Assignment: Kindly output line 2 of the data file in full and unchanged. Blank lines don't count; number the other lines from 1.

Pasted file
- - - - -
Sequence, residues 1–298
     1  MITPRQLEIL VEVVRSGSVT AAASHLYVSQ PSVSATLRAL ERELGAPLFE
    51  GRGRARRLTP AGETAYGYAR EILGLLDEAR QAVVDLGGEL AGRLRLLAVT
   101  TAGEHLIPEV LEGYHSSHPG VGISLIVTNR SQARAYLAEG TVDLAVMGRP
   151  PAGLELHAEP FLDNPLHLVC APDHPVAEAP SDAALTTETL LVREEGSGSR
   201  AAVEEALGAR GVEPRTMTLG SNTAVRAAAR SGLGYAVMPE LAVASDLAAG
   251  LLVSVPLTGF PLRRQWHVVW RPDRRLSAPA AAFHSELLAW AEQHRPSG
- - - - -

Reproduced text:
     1  MITPRQLEIL VEVVRSGSVT AAASHLYVSQ PSVSATLRAL ERELGAPLFE